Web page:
Developing the Culture of Adventure at Queen's University Belfast, School of Chemistry

Lead Research Organisation: Queen's University of Belfast
Department Name: Sch of Chemistry and Chemical Eng

Abstract

By working together in teams, scientists can pool their different knowledge and skills and make breakthroughs more quickly than working on their own. A famous example of this is the discovery of the chemical structure of DNA, and its role in heredity, which was made by a zoologist (James Watson) working with a physicist (Francis Crick). The project we propose here will encourage scientists with different expertise and skills, to work together in teams to achieve exciting new breakthroughs.The first three projects they will work on are:1. Molecular computingDNA is an extremely compact way to store information - a microscopic piece contains all the information needed to make a human being. This lead to the idea that DNA could be used in computing, although progress has been slow to achieve this. Recently, German scientists made a breakthrough which suggests that RNA, which is closely related to DNA, could be the answer. In Queen's University Belfast, the world expert in molecular computing, Professor de Silva, together with Dr Vyle, who is an expert in RNA, will put the pieces together. Their assistant will travel to Germany to learn the necessary techniques, and then return to Belfast to apply them to RNA computing guided by Professor de Silva and Dr Vyle.2. Liquids with holes inMolecules are the microscopic Lego bricks that make up everything around us. Solids with holes between the molecules ('porous' solids) act like molecular sieves, and are useful for removing pollutants from the environment, and to release medication into the body. Imagine a liquid molecular sieve, that could, for example, improve dialysis treatments to filter out toxins from blood. The expertise of Dr James (in porous solids) and Dr Lagunas (in ionic liquids) will be brought together to make the first porous liquids.3. Can left-handed light be used to store information?Your left hand is different to your right hand, as you discover if you get your gloves the wrong way round. In the same way, molecules have 'handedness', i.e. left and right forms. More amazingly, even light can have handedness. Shining this so-called 'chiral' light onto molecules can make them change their handedness, and this behaviour could potentially be used in high-density data storage and in optical technology. However, the problem is that the molecules either revert to their previous form when the light is switched off, or they decompose. The expertise of Dr Fletcher in left- and right-handed molecules, and of Dr Lane in chiral light will be brought together to make the first stable molecules which keep their handedness when the light is switched off.These projects will run simultaneously and last six months. When they are over, the researchers should have enough initial results to seek funding for longer-term projects from EPSRC. Proposals for other team-based projects will then be invited from all the staff in the School of Chemistry. These proposals will be judged by the Departmental Research Committee on the basis of how important the results would be, and how well-planned they are, and the best ones will be funded.At the end of two years, several new teams will have been established, and important new breakthroughs made leading to new research areas and eventually to useful applications in the real world.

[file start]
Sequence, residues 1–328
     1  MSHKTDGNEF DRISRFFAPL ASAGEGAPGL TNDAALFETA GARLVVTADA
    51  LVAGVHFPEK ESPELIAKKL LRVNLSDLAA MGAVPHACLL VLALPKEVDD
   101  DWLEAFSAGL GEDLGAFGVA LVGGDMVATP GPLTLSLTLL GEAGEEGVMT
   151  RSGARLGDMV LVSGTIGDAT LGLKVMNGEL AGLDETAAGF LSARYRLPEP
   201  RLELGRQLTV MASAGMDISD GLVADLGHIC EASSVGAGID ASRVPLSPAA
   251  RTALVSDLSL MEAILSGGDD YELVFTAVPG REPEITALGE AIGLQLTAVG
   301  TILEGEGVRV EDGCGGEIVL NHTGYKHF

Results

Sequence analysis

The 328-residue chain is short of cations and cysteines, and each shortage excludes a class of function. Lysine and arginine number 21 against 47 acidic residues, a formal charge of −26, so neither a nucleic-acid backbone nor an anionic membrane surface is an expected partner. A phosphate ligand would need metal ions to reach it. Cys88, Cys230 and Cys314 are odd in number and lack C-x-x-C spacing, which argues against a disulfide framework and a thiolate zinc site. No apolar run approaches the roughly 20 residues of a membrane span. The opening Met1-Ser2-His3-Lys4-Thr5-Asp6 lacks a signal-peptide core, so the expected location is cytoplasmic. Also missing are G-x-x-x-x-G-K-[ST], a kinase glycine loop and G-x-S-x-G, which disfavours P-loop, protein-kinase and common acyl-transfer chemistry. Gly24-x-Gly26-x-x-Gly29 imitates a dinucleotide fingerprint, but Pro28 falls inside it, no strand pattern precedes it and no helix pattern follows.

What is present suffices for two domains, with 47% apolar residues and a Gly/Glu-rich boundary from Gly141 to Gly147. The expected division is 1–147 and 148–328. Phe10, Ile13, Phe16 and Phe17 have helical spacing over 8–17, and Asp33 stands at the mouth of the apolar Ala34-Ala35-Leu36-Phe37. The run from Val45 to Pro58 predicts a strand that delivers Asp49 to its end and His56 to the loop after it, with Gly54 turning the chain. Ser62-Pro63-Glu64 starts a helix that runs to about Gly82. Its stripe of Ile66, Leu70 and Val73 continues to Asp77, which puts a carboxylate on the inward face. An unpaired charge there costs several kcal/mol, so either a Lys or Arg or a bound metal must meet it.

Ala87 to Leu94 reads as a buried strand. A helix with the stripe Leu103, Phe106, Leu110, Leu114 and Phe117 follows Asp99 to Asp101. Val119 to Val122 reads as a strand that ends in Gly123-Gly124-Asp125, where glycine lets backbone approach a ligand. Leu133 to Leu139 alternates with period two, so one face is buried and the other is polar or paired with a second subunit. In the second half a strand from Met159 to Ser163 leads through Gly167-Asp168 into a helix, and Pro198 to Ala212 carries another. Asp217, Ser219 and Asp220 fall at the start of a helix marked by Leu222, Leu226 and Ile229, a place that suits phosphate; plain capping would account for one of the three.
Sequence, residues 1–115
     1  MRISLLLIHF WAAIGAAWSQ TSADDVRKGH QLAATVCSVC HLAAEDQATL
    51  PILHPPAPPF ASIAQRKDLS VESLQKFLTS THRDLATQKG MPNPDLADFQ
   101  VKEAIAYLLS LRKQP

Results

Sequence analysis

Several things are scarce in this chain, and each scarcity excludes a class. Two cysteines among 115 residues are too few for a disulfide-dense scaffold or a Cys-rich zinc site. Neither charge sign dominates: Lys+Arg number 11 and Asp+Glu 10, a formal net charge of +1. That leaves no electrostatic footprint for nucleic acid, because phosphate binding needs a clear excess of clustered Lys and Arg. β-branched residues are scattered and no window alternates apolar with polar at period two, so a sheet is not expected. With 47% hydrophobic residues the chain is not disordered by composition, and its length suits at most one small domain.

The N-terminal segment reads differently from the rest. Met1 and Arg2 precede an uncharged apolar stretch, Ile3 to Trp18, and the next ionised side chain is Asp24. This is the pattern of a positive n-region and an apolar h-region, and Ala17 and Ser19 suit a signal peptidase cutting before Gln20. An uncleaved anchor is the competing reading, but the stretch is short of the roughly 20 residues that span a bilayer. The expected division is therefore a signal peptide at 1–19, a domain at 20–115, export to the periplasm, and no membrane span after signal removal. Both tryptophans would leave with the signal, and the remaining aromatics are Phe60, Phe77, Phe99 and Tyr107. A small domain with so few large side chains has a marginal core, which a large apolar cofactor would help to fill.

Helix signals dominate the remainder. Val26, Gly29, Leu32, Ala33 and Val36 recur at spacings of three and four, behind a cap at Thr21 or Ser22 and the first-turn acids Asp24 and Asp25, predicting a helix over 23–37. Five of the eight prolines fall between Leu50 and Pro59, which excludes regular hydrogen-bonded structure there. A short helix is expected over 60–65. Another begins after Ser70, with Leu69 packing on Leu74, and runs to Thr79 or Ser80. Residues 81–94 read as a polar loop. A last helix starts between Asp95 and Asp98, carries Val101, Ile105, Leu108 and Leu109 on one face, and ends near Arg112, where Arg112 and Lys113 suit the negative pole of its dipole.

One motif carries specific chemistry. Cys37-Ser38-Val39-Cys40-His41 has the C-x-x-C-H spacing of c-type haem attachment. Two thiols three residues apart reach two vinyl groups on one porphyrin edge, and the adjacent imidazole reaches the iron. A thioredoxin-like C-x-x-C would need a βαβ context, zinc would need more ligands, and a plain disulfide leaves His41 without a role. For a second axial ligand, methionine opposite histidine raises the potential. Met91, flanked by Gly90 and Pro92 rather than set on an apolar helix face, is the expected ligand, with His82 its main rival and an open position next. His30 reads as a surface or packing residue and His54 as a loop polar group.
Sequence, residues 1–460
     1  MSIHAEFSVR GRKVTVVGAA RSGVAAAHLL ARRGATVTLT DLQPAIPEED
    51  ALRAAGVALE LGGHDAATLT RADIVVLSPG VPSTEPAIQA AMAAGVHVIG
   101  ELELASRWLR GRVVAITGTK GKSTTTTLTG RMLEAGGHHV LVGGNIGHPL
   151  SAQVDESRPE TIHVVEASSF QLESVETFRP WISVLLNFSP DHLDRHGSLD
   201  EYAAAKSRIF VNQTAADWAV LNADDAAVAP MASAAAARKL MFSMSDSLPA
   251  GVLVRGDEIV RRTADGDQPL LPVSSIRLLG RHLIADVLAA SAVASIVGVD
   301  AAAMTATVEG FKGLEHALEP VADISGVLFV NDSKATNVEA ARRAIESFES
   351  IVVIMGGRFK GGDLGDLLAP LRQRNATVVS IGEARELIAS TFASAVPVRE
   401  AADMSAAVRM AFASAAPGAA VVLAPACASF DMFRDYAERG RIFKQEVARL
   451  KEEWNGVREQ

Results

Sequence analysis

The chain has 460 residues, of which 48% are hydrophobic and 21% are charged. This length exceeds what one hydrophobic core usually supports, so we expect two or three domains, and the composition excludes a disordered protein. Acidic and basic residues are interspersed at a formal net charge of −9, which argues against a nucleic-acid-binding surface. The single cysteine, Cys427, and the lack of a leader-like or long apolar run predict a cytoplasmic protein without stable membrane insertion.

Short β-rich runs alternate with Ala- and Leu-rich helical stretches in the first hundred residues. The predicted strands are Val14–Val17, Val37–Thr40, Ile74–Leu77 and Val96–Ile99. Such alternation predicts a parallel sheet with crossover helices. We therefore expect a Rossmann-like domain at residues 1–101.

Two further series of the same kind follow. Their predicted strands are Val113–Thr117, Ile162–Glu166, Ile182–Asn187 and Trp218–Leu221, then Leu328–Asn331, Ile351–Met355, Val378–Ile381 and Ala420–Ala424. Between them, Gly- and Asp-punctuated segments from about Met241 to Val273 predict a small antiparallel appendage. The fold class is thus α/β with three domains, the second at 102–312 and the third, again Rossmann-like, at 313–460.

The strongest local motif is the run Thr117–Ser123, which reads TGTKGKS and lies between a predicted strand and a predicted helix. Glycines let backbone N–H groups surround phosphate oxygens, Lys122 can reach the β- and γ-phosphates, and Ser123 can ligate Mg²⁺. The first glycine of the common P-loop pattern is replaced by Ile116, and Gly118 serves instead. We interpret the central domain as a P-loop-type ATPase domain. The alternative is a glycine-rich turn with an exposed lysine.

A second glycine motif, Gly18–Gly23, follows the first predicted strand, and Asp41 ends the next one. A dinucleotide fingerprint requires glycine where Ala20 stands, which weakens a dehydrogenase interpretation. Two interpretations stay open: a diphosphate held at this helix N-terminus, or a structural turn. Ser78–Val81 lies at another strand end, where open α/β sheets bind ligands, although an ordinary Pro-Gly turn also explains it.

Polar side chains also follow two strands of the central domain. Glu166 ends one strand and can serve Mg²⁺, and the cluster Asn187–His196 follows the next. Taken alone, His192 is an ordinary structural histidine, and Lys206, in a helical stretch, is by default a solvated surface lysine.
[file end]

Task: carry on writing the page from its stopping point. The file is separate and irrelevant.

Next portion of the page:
Publications

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N/a James (2007) Porous Liquids in Chemistry a European Journal

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Smith E (2007) A novel structural class of photoswitchable oligonucleotide in Tetrahedron Letters